Svjetlana Lozo, MD

Svjetlana Lozo, MD

Graduation Date: 2008
University of Chicago Medical Center
Fellow, Female Pelvic Medicine and Reconstructive Surgery

Undergrad/Graduate: Bachelor of Science in Biology and Psychology, Drexel University; Master of Public Health, T.H. Chan School of Public Health, Harvard University

Residency: Obstetrics and Gynecology, Maimonides Medical Center

Fellowship: Global Health Leadership, Massachusetts General Hospital

Fellowship: Female Pelvic Medicine and Reconstructive Surgery, University of Chicago/North Shore University Health System

How did your upbringing shape your perspective in general and in terms of health care?

“Growing up in the war-torn Bosnia in early 1990s, I learned that death and suffering is a part of life. Twenty years later, working in the small village in western Kenya, I was faced again with the similar challenges that I grew up in.

As a 15-year-old, I received a scholarship to attend high school in Philadelphia and was fortunate to have had family and mentors that supported my dream of becoming a physician. During my high school years, I volunteered in homeless shelters and learned that discrepancies in healthcare are extremely pronounced in American society. My desire to pursue a career in medicine is led by my desire to decrease the healthcare gap around the world and provide the best possible care to patients no matter their background or zip code.”

After finishing your residency, you worked as a global health leadership fellow at Massachusetts General Hospital. How would you describe that experience?

“During my residency, I was fortunate to have great mentors and have had the ability to travel to Jamaica, Eritrea, Tanzania, and Haiti and see healthcare concerns faced by physicians and patients in these countries.

“My desire to pursue a global health fellowship stemmed from the understanding that in order to have a long-term impact on the health system, you need to be physically present for a certain amount of time. During my fellowship, I spent about a year and a half in Kenya at the same site, within the same hospital system. I lived and worked there for three to four months at a time, two times a year. The majority of my time was spent providing hands-on education to physicians, nurses, and medical assistants. We also started a family and emergency medicine residency program and spent a significant amount of time collaborating with the local university to develop programs that would provide adequate training to physicians who are remote from large medical centers.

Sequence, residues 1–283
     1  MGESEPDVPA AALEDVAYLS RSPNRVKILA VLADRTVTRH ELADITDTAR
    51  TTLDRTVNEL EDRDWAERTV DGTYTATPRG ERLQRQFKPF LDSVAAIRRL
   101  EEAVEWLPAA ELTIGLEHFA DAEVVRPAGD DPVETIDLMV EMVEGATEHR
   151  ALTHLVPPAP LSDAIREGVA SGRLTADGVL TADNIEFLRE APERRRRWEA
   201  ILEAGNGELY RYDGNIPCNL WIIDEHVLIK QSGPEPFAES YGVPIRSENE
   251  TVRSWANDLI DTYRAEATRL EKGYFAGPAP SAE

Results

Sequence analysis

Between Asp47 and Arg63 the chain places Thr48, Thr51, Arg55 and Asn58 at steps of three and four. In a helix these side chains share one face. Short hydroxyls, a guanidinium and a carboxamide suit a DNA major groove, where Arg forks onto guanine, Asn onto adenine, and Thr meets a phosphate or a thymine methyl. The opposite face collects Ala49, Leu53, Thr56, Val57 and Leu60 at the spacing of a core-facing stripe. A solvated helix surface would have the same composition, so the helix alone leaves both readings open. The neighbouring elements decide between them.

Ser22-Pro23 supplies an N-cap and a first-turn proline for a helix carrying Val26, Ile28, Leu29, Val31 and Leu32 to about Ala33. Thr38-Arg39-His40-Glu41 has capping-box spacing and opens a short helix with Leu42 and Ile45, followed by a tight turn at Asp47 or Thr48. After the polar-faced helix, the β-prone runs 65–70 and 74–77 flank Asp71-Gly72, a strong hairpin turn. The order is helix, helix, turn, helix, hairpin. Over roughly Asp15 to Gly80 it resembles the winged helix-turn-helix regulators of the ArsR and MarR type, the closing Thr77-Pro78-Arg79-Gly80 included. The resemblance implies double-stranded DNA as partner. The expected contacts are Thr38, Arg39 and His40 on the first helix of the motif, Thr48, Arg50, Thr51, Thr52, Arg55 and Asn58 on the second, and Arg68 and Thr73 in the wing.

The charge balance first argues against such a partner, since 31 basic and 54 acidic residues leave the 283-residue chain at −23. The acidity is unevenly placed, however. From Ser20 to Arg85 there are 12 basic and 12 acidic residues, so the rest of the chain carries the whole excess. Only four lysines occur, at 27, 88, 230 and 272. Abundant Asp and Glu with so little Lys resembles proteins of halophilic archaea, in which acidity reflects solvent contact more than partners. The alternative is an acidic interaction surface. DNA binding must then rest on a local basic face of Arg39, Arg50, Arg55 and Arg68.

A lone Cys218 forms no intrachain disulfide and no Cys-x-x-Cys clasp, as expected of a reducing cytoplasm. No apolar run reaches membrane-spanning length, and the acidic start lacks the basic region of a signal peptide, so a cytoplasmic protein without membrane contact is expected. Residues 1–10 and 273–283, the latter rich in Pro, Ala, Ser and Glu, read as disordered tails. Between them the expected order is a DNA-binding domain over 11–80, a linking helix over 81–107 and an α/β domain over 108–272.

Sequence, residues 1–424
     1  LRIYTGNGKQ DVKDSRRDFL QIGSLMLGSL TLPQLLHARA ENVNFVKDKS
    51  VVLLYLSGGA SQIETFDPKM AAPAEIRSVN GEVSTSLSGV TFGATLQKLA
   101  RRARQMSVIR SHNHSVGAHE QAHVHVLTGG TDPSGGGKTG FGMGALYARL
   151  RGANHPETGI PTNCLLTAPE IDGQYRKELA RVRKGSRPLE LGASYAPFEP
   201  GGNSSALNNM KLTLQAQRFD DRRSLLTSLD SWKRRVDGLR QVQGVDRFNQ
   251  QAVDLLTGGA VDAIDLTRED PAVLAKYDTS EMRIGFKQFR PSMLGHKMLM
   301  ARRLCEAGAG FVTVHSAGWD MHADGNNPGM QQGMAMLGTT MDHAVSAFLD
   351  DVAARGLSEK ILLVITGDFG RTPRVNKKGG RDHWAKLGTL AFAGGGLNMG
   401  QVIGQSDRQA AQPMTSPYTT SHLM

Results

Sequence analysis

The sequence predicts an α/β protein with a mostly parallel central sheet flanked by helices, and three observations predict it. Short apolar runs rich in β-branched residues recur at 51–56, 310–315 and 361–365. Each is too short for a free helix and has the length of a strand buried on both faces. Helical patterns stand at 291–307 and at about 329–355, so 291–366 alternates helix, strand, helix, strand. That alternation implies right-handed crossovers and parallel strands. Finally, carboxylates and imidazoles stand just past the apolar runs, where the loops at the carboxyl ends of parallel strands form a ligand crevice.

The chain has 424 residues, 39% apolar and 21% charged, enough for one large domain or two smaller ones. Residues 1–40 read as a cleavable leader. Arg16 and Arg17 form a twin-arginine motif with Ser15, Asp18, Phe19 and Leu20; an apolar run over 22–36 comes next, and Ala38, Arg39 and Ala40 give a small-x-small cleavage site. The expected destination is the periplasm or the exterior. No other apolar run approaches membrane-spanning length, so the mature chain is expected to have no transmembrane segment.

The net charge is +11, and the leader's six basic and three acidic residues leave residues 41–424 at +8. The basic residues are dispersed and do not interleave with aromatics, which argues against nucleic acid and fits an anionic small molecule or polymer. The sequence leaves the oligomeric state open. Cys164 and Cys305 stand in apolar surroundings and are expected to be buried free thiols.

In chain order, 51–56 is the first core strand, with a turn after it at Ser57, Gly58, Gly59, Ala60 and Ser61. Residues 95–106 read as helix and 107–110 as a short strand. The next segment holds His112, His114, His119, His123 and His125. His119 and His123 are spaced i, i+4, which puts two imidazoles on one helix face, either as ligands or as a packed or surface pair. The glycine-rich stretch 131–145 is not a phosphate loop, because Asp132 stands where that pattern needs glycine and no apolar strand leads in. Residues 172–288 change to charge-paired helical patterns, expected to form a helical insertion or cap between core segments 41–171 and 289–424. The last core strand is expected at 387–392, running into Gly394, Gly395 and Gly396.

“Giving someone gift of education and empowering them to take better care of their society is one of the most empowering gifts that one can give.”

How did your career come to focus on female pelvic medicine and reconstructive surgery?

“OB/GYN combines surgery and medicine, as well as my desire to do global health work. Urogynecology as one of the gynecological subspecialties that directly addresses patients’ quality of life and has a great need for further education internationally. Patients are often not comfortable with discussing their intimate problems such as urinary incontinence, fecal incontinence or uterine prolapses.”

In what ways is the St. George’s University experience unique?

“The St. George’s experience provided me with the family of extremely diverse, open-minded and highly driven physicians. Taking in account that most of us were away from our families, we have become each other’s family. Today, I am proud to say that my SGU family consists of amazing, well-trained physicians all around the US, and many of them having leading positions in major universities or healthcare organizations.

How did it prepare you for clinical training and beyond?

“Having an ability to do my third and fourth year of medical school in Brooklyn was instrumental. We as medical students were intimately involved in taking care of a large volume of sick patients, with wide variety of pathologies. I did all of my third-year rotations at Brooklyn Hospital, and most of my fourth year at Brooklyn Hospital and Maimonides Medical Center. Our rotations were done with students from US medical schools, and I felt we were equally well prepared. Because it was such an enriching experience, a significant percentage of us desired to do our residencies in New York City and were able to do so.”


Published January 2019

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